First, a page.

Developed as part of a National Science Foundation Information Technology Research Initiative (ITR) project, the software, called "geotechnical Visualization Tool" (gVT), converts imagery of millions of rock-surface points–collected at a safe distance by a laser scanner–into an easily manipulated web of information. The data become a permanent digital record of the newly exposed material.
The scan data, at a resolution of 5 millimeters, provides information that the software program packages into enormous visualizations incorporating up to 10 meters of excavated tunnel. Engineers then use gVT to spot potential hazards to both the tunnel and the construction crews before weaknesses in the rock have a chance to trigger a collapse.
The information is so detailed that researchers can observe where rock layers are separating and how fractures are oriented. Researchers can even recreate sections of rock after they have fallen, providing a critical asset for determining where and how to safely drill. Because the data is portable, engineers can conduct all of the analyses from their home base at any time, far from the danger of the tunnel.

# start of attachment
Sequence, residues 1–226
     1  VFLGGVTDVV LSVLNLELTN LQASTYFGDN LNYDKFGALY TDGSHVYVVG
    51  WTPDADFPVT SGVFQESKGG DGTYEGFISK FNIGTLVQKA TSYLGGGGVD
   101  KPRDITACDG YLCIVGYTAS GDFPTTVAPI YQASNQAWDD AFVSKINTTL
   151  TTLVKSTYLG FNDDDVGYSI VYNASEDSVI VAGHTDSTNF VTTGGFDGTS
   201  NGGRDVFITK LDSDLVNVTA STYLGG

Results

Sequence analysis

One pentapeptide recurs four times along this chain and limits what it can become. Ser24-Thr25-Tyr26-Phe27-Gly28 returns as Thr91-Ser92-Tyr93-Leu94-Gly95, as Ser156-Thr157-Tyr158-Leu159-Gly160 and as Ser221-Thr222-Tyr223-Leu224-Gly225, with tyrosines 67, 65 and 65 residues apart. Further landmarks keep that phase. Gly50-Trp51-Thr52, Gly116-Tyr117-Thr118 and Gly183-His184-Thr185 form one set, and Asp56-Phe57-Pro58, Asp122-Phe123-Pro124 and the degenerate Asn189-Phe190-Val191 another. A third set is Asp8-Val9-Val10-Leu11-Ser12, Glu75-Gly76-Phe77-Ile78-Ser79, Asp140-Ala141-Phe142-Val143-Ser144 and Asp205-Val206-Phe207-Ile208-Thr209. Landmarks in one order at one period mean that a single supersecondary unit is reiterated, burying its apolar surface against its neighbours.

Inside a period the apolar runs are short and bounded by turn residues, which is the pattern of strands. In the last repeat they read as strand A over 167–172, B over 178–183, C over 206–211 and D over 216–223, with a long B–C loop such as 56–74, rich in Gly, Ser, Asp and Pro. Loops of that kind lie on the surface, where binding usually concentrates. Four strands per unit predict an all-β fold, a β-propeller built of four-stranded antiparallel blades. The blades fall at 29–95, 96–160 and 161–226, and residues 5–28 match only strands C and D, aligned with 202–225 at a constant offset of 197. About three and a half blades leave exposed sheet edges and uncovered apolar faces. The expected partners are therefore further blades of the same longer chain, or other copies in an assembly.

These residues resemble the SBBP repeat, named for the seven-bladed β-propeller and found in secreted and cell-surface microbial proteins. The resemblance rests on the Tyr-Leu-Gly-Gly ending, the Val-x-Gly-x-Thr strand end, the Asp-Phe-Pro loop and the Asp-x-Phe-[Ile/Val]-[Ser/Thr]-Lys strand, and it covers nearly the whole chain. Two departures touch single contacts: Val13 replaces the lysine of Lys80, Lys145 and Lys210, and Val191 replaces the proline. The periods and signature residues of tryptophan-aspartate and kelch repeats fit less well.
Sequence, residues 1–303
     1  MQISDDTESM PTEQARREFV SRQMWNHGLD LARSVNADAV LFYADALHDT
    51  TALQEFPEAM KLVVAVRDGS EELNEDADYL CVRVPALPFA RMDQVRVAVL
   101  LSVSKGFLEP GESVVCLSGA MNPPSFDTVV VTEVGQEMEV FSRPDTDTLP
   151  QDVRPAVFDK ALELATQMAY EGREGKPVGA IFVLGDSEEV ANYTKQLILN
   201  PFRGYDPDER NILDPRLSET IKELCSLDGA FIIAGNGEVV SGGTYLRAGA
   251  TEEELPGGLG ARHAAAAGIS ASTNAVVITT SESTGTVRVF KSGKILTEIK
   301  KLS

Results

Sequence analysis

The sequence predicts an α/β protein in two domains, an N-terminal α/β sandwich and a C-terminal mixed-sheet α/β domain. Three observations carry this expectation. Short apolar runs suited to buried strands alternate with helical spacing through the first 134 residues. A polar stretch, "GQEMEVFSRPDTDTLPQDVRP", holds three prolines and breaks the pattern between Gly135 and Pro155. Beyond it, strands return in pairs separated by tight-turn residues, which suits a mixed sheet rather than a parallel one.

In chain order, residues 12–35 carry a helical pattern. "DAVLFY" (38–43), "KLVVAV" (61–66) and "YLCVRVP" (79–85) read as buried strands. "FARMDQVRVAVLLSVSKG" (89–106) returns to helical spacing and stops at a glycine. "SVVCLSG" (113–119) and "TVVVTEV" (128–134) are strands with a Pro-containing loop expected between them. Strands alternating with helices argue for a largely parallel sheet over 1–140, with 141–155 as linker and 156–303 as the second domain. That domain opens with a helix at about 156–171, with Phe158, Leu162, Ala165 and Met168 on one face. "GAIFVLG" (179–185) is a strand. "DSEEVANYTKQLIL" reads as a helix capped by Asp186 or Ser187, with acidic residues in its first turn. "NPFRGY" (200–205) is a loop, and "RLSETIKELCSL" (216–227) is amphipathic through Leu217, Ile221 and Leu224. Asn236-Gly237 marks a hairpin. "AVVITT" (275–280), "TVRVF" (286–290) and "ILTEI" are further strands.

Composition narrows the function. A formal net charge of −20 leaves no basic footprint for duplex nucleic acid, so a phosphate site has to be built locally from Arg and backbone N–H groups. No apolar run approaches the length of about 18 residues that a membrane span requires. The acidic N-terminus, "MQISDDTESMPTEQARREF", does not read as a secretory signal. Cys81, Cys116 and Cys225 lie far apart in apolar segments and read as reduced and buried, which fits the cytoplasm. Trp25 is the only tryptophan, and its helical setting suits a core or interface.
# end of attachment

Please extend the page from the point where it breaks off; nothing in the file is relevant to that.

"Geologic maps have traditionally been made using manual measurements taken by geologists directly on the rock," said Joseph Dove, the lead developer of gVT at Virginia Tech and co-PI on the ITR project. "Laser scanning is revolutionary for underground mapping because it allows direct collection of digital data in three dimensions at high resolution."
After a careful analysis of the scanned data, the engineers can take manual follow-up measurements to confirm their results.
"These 3-D visualizations enhance geological documentation and an engineer’s ability to make decisions," added Jeramy Decker, a Ph.D. graduate of Virginia Tech and co-developer of gVT, now at Kiewitt Pacific Company, the construction contractor excavating the tunnels.
In use as part of a suite of private industry engineering tools and software critical to the tunneling beneath Devil’s Slide, gVT is the product of a two-year collaboration between civil engineers and computer scientists. The Devil’s Slide application is the first use of gVT in a true construction environment.
Decker presented the new technique in a talk at the 42nd U.S.-Canada Rock Mechanics Symposium in San Francisco on June 29th.
Joshua A. Chamot, NSF (703) 292-7730
Christina Daniilidi, Virginia Tech (540) 231-1168
Richard J. Fragaszy, NSF (703) 292-7011
Joseph Dove, Virginia Tech (540) 231-2307
Jeramy Decker, Kiewit Pacific Corporation (510) 274-8873
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